I got born 69. Electronic design was my hobby, instustrial controls and various repairs is my proffession. Decision to ditch Redmond system after fighting issues when the OS ditched while i was uploading a bugfix for the GUI for a gas tanker engine room while in full steam operation in the middle of the atlantic in 2002. Grey screen. Sweat.
I had then already used Lindows for work, and also tried SuSE, seemed nice too. The Lindows forum was great. The printing system could do much more with my printer than windows could (poster, etc). And already then, around millenia shift, wine could run the PLC programming software i needed. "Yes i can switch" RedHat a couple years earlier i had given up on, the new distros was much easier to get going, basically just worked (for me). While Lindows went down i tried Mandriva (New name of Mandrake after joining with Connective), and decided to use it as main system, it was 2006 christmas edition. I am still here, OS now branched as Mageia :) Also tried Ubuntu when it was new, it was at that point far inferior in hardware support, tools, and too tied down. Also briefly tried Mint, felt me blocked.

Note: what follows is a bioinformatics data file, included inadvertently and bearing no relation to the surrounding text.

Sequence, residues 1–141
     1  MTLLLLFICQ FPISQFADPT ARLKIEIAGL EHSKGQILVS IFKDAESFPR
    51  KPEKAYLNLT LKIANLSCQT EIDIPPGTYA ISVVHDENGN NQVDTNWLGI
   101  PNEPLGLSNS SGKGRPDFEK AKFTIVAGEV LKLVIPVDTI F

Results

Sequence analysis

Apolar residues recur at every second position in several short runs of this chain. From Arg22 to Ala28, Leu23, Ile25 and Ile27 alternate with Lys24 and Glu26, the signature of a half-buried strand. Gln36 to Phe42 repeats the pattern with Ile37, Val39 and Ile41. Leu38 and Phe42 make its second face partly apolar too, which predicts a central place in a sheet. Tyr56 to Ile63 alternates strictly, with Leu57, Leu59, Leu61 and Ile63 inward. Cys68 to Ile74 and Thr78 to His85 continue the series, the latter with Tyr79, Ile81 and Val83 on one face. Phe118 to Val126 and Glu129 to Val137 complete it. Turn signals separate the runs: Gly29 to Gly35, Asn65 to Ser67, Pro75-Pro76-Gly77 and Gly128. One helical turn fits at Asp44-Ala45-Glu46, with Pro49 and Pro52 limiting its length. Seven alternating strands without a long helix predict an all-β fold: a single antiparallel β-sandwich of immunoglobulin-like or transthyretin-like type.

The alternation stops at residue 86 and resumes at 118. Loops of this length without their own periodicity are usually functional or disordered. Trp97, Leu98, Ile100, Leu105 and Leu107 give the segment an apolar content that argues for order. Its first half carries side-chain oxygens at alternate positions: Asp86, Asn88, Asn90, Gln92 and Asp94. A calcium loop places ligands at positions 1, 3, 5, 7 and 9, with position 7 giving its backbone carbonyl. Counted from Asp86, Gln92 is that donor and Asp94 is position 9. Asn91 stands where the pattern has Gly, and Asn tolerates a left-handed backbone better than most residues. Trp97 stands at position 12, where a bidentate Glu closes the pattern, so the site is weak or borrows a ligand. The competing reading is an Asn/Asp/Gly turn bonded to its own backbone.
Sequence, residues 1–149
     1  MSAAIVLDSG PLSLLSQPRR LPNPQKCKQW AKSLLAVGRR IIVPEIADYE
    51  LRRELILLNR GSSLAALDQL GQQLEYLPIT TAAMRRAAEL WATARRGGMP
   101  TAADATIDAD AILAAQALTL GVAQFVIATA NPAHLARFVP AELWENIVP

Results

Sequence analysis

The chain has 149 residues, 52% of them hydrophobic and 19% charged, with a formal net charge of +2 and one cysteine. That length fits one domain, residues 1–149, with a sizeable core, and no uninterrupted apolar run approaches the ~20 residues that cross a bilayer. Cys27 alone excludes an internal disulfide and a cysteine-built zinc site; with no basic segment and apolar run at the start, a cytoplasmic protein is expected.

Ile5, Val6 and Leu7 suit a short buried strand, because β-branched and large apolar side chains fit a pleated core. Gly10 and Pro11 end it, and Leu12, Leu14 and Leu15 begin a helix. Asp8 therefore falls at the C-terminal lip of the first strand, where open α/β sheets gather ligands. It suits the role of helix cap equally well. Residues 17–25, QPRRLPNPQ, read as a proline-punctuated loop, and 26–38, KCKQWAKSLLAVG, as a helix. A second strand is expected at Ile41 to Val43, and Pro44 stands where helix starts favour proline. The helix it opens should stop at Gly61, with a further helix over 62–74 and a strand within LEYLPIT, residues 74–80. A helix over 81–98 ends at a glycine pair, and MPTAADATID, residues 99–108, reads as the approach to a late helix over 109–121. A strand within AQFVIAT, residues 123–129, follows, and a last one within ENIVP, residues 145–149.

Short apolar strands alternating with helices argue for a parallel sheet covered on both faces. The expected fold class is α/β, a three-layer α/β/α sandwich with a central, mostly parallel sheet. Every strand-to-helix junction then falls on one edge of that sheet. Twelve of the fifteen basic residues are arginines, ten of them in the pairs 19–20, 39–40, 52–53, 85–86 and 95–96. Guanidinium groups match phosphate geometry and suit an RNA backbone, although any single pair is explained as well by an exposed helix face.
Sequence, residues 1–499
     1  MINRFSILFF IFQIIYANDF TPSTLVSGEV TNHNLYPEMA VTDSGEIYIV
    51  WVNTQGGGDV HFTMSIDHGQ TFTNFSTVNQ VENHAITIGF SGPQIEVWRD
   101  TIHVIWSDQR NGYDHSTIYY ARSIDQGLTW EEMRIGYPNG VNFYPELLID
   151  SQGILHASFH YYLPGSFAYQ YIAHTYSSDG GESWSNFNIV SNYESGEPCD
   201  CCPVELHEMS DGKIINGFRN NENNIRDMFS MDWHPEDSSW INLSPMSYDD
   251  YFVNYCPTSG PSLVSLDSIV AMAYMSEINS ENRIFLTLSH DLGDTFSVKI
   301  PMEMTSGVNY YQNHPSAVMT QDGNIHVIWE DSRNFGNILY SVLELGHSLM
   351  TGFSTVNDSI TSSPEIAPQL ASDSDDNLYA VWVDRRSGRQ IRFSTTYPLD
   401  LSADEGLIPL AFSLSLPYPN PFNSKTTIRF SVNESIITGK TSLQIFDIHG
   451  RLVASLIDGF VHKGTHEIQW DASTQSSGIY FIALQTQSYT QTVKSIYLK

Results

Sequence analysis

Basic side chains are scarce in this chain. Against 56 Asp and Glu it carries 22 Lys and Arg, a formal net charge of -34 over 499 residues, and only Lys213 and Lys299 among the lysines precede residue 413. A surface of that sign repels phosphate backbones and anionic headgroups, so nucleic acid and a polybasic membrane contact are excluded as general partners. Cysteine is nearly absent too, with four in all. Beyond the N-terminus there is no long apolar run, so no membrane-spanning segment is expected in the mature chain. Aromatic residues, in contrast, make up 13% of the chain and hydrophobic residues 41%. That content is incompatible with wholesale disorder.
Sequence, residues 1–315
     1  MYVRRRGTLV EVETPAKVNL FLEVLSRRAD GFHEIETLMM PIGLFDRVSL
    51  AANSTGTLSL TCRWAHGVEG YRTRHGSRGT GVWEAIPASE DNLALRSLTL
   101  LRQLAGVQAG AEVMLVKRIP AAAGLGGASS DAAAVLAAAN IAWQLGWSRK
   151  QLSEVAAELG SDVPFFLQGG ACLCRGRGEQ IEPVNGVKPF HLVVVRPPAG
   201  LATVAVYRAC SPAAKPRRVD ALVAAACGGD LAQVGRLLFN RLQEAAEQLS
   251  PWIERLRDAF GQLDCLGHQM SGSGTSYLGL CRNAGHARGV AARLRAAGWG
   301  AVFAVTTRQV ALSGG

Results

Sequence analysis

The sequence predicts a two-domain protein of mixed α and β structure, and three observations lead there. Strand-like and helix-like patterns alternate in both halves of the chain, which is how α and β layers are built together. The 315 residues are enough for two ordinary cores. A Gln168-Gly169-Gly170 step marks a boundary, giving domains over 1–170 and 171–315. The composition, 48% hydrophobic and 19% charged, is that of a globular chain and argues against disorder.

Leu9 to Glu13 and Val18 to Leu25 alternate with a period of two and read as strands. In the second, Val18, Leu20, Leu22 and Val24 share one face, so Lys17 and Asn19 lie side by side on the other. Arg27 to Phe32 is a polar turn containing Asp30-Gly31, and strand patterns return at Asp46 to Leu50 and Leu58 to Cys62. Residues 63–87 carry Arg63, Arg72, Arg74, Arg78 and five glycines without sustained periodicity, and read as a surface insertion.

For the stove and blender analogy: i have repaired both (most household machines actually...), while my wifes Mageia install just works year and again ;)


Bad luck with some, fantastic luck with others. I learned that the Linux community is for the most part some pretty nice people, with a small core of really toxic, hateful elitists. I ignore them these days (I have grown a far thicker skin for things like this), and enjoy the good people. One of the great things about Mint (and I suspect other newer distros), it found my HP Printer and installed it AUTOMATICALLY!!! WOW! I am really pleased with how far we have come and look forward to going further. I prefer the Cinnamon desktop because it just fits with my mental "map" of the software world. I still have Windows because Photoshop and iTunes. If Linux could run those two, I would leave Windows and never look back.